UK Hydrogen trains: Are these the eco-friendly trains of the future?

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Devil's Advocate

May 24, 2010
A hydrogen locomotive is a bit like a steam locomotive, insomuch as the name refers to an intermediary stage rather than an original fuel source. Commercial scale hydrogen is only as "eco-friendly" as the primary energy source that was used to create it. Since energy conversion always creates waste any hydrogen solution will always be less efficient than a more direct usage. Which is why it makes more sense to use hydrogen as a backup and shortfall solution rather than a primary fuel source.

MARC Rider

Apr 5, 2011
This is basically a fuel-cell electric train. It's true that there are no NOx, VOC and particulate emissions, which would make it far superior to diesel. The amount of CO2 emissions depends on how the hydrogen is generated. If it's made from natural gas methane, it's still a fossil fuel powered vehicle. If they use electricity to decompose water, it depends on the source of electricity -- wind or solar electricity would be more or less true zero CO2, whereas electricity generated from coal would have a measurable fossil fuel CO2 footprint. You'd have to do a life-cycle analysis to compare the CO2 emissions from the various hydrogen source scenarios with those of diesel.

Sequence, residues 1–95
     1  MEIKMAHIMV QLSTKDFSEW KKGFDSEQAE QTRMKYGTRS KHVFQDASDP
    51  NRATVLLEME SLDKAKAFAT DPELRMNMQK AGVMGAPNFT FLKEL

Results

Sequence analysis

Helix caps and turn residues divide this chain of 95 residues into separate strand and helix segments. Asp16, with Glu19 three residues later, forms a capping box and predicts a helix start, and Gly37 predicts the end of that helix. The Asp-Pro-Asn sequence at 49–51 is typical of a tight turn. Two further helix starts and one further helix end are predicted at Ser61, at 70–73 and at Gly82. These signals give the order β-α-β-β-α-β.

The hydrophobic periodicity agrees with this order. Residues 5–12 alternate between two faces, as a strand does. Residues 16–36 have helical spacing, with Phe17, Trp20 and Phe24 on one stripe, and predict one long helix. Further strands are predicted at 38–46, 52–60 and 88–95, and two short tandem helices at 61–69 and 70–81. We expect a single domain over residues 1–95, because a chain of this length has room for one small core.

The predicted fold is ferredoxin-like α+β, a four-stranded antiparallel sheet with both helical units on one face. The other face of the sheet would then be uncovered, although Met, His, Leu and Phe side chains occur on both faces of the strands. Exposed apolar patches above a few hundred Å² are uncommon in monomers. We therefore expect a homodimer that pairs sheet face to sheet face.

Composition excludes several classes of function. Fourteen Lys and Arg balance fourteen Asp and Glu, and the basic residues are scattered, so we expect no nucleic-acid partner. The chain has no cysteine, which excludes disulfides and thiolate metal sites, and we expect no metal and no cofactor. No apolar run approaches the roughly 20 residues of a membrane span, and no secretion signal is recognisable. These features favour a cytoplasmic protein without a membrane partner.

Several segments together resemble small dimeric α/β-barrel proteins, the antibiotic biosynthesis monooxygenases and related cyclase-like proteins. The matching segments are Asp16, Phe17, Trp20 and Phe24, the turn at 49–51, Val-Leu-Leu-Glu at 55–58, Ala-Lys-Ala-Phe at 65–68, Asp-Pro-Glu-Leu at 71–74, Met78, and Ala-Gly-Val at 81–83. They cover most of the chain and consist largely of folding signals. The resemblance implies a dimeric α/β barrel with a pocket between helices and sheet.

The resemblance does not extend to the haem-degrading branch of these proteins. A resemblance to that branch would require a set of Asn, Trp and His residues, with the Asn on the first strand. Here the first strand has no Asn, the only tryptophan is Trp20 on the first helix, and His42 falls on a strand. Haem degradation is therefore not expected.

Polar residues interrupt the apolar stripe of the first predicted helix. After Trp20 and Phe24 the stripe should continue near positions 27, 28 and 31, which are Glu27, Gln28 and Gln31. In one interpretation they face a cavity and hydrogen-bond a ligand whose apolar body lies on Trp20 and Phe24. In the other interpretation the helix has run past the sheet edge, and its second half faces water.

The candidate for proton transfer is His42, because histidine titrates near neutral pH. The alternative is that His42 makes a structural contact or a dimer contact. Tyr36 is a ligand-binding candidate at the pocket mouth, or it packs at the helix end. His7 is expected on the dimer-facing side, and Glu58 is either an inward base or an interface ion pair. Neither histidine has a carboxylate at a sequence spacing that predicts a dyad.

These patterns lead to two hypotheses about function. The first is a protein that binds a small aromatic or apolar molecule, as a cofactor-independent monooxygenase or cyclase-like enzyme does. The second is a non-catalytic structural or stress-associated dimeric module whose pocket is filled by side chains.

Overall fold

Service Attendant
Feb 12, 2018
The disadvantage of H2 fuel cell trains is that they are often less efficient than electric batteries. Both are environmentally friendly at the train. As pointed out, either can be good or bad environmentally overall, depending on how the electricity or hydrogen is made and distributed. The fuel cell is more efficient than a diesel at the train and can be lighter than a pure battery train (the fuel cell train will have some batteries).

Hydrogen works best with a nearby source of cheap and clean electricity. Wind and hydroelectric power are good examples. There are a number of H2 fuel cell trains that have recently entered service or are on ordered. Fuel cell cars have used high pressure H2 storage for a while without any significant safety problems.

The details of the service often determine the economics. If you are running under catenary with modest lengths of non-electrified track, you can charge batteries under the catenary. The train ends up being catenary plus battery. If your in the mountains with nearby hydroelectric, then fuel cells may be the answer, if catenary isn’t an option.

I could go on forever, but search for Hydrail, iLint train, etc. to find out more. Please remember that many people either have a vested interest in one solution or that some evaluations are more about theory than practice.

Take care.